Last night I was watching Downton Abbey, as one does on a Sunday night. I am very fond of Downton Abbey. It is my Sunday night luxury, along with a bowl of pasta and a BGORW (Big Glass of Red Wine). Sunday is complete only with these three elements.

This lady knows how to quote with her ice-cold tongue

This lady knows how to quote with her ice-cold tongue

There are a few niggles I have about Downton Abbey and I’ve blogged about these before. However, there is one attribute of the characters in the programme I envy greatly. Namely, their ability to throw literary quotes into everyday conversation. Last night, the Dowager said ‘Cry “Havoc!” and let slip the dogs of war’. She was referring to the suggestion of inviting the Minister for Health (Neville Chamberlain) over for dinner. If we were to invite Jeremy Hunt for dinner this weekend, I’d like to be able to respond similarly. But sadly, I wouldn’t be able to due to my ignorance.

There is an article on wikipedia about the meaning of the Dowager’s phrase. I’m not so interested in the meaning of this particular phrase here, I’m interested in her talent to drop a Shakespearean quote in general chit chat and for it to have a strong resonance to everyone present (and of course the viewers). I want to be able to do that. It doesn’t have to be exclusive to Shakespeare’s great works, I want to be able to do that with any book. I’m quite a well-read member of the human race. I’ve read 78 of the 100 BBC ‘top reads’. Most people, the page states, have only read around 6 of them. Yet I can’t quote from any of them.  I’ve even read 93 of the Rory Gilmore Reading Challenge list of 339 books referenced in the Gilmore Girls. However, can I quote from Charles Dickens? No.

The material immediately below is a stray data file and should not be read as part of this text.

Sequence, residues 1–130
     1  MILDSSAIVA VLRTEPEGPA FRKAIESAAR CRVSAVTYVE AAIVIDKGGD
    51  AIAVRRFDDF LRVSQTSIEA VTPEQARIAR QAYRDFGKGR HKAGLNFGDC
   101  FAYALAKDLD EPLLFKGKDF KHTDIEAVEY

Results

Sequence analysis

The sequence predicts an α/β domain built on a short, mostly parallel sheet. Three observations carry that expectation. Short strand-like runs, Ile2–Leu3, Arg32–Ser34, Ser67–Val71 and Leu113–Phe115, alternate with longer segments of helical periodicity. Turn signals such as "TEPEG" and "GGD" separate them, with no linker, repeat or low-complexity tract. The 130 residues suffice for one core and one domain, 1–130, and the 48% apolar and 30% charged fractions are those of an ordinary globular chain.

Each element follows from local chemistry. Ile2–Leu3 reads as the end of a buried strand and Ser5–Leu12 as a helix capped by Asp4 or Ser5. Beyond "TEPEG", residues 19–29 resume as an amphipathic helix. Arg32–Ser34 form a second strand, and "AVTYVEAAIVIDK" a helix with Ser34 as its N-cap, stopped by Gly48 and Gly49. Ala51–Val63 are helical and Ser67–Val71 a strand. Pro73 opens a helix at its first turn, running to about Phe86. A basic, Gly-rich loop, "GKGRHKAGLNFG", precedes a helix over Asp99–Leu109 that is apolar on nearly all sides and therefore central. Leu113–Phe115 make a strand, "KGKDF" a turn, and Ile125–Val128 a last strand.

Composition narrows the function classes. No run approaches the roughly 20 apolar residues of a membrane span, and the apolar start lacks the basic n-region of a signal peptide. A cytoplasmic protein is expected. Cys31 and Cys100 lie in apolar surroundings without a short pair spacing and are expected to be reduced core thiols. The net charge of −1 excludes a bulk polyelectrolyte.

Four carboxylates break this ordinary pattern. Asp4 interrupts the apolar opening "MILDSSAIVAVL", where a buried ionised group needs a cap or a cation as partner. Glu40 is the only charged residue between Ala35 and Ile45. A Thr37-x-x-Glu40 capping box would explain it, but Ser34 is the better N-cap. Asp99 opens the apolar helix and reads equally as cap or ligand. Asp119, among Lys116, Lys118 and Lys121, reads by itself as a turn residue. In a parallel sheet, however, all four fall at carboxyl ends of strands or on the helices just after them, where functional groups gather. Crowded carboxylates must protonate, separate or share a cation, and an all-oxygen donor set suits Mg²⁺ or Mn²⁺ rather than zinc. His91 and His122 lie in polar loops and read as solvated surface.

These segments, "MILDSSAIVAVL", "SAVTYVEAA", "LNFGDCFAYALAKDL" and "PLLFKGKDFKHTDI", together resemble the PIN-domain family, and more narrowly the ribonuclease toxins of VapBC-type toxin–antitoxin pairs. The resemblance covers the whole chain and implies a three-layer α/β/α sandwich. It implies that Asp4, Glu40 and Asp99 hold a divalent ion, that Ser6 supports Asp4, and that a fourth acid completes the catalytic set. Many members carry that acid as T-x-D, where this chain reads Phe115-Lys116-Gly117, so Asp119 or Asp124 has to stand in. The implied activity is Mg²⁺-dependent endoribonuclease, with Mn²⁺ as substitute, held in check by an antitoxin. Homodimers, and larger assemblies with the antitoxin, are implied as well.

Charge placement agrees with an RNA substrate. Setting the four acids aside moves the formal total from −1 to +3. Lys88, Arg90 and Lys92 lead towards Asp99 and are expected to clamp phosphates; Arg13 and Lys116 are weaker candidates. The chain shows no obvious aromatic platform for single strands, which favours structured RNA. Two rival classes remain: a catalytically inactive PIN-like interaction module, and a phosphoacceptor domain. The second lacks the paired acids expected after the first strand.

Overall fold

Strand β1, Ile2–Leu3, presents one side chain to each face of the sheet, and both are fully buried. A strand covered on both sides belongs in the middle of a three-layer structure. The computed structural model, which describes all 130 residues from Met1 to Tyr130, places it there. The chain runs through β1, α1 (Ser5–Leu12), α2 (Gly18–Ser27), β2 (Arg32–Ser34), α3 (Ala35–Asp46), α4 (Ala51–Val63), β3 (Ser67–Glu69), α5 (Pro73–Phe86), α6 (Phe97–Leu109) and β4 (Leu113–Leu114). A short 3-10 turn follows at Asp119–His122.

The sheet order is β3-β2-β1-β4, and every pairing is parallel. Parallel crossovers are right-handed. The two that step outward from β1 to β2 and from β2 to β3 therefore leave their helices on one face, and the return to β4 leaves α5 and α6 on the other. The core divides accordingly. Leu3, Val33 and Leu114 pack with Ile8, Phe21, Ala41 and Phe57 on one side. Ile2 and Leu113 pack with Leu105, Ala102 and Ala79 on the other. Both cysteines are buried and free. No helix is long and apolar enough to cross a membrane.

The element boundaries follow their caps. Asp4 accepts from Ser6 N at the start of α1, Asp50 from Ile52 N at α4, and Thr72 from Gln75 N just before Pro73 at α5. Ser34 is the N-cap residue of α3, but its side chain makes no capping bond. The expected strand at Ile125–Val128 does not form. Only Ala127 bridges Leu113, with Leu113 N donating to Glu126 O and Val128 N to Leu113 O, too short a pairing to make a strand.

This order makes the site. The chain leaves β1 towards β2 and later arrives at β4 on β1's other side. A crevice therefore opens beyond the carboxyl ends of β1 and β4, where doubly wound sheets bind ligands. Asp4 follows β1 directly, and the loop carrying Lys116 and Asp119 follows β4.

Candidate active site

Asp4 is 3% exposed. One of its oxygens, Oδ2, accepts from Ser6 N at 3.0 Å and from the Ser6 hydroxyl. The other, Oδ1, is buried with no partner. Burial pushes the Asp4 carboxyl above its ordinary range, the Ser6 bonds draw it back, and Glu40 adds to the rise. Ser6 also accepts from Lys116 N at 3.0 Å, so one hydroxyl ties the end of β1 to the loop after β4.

I bet she's read a lot

I bet she’s read a lot

I’m not sure whether this is a skill I can cultivate. Could I practice on my children and husband perhaps? Then move on to friends? And eventually use some choice, witty quotes in school governor meetings and work conference calls?

I could use this one from Jayne Eyre during a phone meeting about things going wrong: ‘It is a pity that doing one’s best does not always the answer.’

To my children as they leave their mess in the kitchen, I’d like to use this quote by Balzac: ‘Such is life. It is no cleaner than a kitchen; it reeks like a kitchen; and if you mean to cook your dinner, you must expect to soil your hands; the real art is in getting them clean again, and therein lies the whole morality of our epoch.’

And another one for the children, when they moan about their homework: ‘I dare you to work harder than your dream demands.’

Some advice from Oscar Wilde for all those people on Facebook who talk about betrayal and enemies: ‘Always forgive your enemies; nothing annoys them so much.’

And finally, this one, another Oscar Wildeism, for anyone suffering from paranoia: ‘The only thing worse than being talked about is not being talked about.’

I think I need to keep a literary quote journal so I can pull on these out as and when needed. So again I ask: are there really people, beyond the fictional world of Downton Abbey, who can drop quotes with ease? I’d like to meet them and eventually, be one of them. Perhaps it’ll only come to me when I’m as old as Maggie Smith.

A very eloquent man

A very eloquent man